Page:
I changed because there are so many tunes that do not conform to the whole diatonic model, and we get there so fast.

Most of the musicians I've worked with admit that they think most letters, keeping a loose RN sense in the background for progressions and transposition.


Piano Teacher
#2244405 - 03/10/14 06:20 PM Re: Ear Training [Re: Gary D.]  
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First: thanks, ezpiano, for the kind words!! And I appreciate your passing on my info to whomever you think could benefit from it. FYI I have a podcast and lots of other goodies up there. smile

And Gary D.- thanks also for your comments. If I understand correctly, you're saying that you use a sort of adapted version of roman numerals that keeps everything upper-case, and then puts the qualities after the roman numerals, leaving it alone if it is major. I definitely get that! In fact, it's not too uncommon- I've not only seen it in rock circles, but also in some heavier jazz analysis, as well. The lower-case system I used obviously has its origins in classical analysis and is especially practical there. And I'd also definitely agree with you that, if you're studying rock/pop music, it won't be long before you get into things like major II chords and bVII chords!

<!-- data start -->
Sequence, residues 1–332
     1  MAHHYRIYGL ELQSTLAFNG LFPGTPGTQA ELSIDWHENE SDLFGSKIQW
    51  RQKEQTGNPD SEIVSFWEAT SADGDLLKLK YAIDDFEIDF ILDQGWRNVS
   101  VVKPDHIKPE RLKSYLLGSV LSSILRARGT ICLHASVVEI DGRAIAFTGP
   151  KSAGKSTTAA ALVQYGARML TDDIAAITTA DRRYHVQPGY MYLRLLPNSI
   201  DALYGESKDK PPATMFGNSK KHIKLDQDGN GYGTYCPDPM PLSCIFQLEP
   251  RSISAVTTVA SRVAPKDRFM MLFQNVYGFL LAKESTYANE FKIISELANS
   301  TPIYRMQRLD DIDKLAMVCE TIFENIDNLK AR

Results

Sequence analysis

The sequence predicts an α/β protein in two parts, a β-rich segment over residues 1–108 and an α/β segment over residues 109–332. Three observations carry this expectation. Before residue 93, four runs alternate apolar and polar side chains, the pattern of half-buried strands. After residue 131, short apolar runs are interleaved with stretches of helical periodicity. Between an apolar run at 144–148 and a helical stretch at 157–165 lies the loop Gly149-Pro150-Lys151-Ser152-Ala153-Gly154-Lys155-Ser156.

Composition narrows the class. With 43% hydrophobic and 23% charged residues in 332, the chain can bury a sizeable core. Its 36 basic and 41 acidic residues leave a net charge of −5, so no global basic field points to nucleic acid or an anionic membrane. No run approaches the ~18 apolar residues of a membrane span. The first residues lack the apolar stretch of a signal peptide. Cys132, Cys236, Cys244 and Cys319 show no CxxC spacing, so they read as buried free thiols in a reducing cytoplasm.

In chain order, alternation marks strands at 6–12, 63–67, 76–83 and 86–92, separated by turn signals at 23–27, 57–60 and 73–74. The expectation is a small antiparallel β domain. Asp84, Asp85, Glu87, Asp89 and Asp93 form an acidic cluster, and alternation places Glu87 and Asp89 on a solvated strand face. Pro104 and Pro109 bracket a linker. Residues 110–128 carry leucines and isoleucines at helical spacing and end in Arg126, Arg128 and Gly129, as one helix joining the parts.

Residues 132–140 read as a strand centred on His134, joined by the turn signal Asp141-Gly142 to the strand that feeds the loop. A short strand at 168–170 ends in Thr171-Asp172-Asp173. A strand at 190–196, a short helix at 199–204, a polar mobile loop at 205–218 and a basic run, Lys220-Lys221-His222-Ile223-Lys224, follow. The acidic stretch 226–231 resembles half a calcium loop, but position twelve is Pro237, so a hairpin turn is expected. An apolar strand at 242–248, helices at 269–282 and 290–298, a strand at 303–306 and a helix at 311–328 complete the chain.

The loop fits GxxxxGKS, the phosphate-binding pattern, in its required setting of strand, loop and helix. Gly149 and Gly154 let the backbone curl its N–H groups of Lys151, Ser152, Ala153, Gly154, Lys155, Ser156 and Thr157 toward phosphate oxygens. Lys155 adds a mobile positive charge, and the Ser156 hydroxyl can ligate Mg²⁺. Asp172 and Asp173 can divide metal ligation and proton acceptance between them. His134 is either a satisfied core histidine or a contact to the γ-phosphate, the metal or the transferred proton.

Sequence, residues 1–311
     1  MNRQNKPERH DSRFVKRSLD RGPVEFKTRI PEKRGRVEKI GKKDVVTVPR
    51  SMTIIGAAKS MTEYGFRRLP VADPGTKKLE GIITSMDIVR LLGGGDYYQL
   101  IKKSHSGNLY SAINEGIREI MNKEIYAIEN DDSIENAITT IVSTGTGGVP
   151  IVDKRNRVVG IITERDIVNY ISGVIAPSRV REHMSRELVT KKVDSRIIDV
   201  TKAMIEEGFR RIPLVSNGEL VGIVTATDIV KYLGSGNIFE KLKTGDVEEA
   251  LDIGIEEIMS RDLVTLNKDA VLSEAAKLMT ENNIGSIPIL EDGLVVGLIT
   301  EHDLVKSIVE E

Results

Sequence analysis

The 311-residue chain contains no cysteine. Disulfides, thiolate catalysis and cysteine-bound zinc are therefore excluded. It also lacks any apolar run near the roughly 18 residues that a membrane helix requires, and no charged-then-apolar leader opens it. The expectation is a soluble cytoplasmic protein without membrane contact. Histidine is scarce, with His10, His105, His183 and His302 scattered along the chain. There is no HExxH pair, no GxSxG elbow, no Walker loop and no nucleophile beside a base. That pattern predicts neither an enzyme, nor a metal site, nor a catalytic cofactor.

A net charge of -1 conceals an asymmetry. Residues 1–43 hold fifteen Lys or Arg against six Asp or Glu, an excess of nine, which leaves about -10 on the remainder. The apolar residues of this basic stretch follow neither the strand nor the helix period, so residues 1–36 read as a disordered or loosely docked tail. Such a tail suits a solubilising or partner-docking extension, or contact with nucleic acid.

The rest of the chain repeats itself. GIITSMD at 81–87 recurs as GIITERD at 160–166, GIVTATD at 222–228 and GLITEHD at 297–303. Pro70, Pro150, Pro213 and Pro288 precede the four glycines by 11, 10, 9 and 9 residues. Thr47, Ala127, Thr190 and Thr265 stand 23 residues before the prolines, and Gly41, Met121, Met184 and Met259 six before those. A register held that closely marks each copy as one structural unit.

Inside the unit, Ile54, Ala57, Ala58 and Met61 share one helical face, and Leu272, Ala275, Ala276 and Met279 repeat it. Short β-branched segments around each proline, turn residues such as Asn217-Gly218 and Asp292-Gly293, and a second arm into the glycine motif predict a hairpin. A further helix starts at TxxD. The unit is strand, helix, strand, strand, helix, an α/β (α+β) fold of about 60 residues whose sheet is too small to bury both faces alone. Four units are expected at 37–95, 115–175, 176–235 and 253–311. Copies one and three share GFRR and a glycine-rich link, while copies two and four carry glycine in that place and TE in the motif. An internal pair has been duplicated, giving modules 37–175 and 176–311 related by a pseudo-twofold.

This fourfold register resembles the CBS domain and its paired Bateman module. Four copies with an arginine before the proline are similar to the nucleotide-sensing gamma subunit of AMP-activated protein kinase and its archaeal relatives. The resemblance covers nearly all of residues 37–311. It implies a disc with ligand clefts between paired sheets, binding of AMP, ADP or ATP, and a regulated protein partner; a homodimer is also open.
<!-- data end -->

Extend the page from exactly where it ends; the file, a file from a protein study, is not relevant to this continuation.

Still- having said that, just to let you know, I went with the more traditional version in those articles for the same reason that I tend to use them with my private students: for the long-term benefits you get, once you finally have the whole "system" down. That is, I weighed the pros and cons and decided that the "awkwardness" of using the more classical approach was outweighed by the benefits that come to light, once a student "gets it." That's not to criticize anyone who uses other systems. I'm the first to admit that "II7 and III7 and bVII" rolls off the tongue much more easily than "V7/V and V7/vi and borrowed bVII," respectively! And depending on a student's overall skill-level and goals, I can see how the simpler approach could be the better call.